Debjani Roy is the deputy director of Hollaback, a nonprofit that offers bystander intervention training. She calls the men’s actions “heroic” — “these people had the absolute best intentions. They were considering someone else that they did not know, above themselves.”
Trump has been more willing to rattle sabers at North Korea than any recent US president, according to Susan Glasser, the chief international affairs columnist at Politico. Glasser says the tough talk has American adversaries and allies alike asking the same question about the new US leader: “Is he acting crazy like a fox, or just crazy? Are his lies on purpose and strategic, or are they just untruths?”
The French presidential election is on Sunday. If nobody wins a majority, forecasters predict that Le Pen, of the far-right National Front party, and centrist candidate Emmanuel Macron could face off in a second round the following week — though this race has been anything but predictable.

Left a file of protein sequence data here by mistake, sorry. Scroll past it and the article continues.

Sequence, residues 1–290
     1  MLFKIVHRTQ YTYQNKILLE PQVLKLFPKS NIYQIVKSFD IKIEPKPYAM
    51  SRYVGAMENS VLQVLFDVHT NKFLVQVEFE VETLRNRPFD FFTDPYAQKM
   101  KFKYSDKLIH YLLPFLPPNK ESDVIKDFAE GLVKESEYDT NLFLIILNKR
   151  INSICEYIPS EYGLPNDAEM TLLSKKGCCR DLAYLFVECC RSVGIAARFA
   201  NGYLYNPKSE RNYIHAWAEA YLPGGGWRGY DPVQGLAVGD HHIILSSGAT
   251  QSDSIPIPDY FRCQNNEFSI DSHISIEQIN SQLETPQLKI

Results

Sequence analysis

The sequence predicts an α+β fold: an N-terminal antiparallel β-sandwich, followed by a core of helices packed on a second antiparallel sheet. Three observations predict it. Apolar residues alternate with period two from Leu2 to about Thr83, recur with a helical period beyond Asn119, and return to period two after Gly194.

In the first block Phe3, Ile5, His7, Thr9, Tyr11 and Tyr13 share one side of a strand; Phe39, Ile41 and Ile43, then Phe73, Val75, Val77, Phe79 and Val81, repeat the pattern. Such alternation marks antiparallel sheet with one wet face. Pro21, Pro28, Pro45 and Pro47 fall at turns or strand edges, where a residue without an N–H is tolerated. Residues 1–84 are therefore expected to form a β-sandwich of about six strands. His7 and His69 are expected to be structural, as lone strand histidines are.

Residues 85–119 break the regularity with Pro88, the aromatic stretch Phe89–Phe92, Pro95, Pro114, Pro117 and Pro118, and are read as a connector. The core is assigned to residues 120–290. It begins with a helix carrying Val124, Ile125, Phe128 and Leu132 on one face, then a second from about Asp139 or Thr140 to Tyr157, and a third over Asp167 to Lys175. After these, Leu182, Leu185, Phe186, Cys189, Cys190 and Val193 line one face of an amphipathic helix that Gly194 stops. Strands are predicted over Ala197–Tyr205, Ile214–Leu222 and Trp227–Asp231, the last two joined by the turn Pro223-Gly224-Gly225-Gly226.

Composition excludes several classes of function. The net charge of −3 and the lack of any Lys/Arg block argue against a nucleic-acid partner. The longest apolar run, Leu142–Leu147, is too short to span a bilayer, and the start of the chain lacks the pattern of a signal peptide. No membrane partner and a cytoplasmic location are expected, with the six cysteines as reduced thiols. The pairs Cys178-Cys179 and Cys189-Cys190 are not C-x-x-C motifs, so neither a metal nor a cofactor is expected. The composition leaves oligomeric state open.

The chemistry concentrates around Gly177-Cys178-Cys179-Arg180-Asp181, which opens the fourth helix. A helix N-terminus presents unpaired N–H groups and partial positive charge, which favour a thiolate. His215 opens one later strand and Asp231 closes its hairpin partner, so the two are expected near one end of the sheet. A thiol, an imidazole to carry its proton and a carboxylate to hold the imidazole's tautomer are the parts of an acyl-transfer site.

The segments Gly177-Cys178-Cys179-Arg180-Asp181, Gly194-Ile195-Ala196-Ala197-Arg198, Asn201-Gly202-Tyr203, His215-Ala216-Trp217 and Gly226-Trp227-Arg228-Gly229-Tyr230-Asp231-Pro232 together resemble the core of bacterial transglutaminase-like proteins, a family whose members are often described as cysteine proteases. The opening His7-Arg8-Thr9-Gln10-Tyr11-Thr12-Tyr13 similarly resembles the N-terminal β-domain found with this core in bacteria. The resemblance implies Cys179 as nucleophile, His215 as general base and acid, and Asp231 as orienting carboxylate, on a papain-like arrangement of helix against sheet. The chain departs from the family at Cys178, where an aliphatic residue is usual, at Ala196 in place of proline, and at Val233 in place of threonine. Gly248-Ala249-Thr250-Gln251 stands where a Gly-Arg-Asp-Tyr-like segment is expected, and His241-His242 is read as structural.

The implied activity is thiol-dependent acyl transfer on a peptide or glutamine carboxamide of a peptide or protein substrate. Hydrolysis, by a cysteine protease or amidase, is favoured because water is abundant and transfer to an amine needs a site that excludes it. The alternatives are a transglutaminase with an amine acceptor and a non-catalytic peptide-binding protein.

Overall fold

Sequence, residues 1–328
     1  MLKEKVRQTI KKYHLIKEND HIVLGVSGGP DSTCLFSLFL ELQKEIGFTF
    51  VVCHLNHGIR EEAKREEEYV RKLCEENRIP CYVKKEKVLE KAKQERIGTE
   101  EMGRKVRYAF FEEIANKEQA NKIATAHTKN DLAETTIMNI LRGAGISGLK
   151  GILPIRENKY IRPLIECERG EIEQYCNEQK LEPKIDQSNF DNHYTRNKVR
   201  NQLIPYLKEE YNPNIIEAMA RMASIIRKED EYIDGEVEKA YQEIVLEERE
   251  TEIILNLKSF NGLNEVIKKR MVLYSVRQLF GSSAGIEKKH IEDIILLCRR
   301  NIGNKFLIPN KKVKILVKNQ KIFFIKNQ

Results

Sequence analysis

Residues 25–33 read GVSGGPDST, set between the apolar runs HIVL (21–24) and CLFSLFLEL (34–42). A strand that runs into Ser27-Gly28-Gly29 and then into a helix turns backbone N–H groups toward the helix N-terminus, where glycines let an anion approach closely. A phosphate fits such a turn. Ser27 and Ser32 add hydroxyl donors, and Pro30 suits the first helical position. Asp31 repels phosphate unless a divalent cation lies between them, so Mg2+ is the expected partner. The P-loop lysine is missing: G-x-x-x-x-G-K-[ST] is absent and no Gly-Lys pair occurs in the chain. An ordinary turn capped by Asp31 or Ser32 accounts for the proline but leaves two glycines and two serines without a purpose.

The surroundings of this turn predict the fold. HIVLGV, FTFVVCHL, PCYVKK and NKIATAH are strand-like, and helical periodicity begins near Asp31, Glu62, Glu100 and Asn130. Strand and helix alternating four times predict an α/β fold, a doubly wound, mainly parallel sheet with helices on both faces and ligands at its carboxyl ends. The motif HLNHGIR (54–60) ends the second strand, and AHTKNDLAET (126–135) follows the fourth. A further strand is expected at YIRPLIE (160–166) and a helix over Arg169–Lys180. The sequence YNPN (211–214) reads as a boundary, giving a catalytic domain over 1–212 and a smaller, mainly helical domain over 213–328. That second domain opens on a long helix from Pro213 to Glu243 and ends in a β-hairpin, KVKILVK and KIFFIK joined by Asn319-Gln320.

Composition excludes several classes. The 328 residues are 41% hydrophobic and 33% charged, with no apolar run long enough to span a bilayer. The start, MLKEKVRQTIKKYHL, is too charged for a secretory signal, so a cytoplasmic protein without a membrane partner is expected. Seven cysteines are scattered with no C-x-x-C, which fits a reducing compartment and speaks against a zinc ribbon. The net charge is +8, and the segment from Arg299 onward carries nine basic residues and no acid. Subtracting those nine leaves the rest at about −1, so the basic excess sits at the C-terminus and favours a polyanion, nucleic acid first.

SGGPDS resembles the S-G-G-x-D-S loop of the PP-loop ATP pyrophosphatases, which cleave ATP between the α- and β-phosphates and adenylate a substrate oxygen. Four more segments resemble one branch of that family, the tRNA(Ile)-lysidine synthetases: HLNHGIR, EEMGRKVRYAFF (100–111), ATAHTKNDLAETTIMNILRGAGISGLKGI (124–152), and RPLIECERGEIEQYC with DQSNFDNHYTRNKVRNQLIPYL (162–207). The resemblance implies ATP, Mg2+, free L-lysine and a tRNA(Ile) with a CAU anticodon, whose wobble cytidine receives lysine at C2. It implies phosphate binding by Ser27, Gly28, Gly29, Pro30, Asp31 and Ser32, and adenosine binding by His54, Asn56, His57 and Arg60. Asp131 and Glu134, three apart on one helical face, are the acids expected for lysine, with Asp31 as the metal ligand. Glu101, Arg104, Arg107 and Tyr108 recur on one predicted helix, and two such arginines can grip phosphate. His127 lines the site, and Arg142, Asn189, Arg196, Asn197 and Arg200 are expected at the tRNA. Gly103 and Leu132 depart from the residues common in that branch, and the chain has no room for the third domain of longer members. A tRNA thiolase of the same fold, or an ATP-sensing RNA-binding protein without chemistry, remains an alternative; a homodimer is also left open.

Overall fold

“We feel like it’s open season on law enforcement, there’s an assault on decency, and we’re here to stand with law enforcement, and in the event that we’re needed we’ll step up,” Cox said in a weekend interview.
According to the 2013 Global Study on Homicide report by the United Nations Office on Drugs and Crime, 60 percent of the murders in the US were committed with guns, compared to only 13 percent in Europe.
Previously, US airstrikes in Iraq and Syria that risked civilian deaths were permitted in limited cases.
A tie, which is now more possible, would let stand an appeals court ruling that blocks the expanded DACA and DAPA program from taking effect.
In particular, the 600,000 pages of documentation show Assad has command responsibility for the extra-judicial detention, torture and killing of thousands of his own citizens.
At least 43 people were killed and around 200 injured in a twin suicide bomb attack claimed by the Islamic State in Beirut’s southern suburbs on Thursday evening.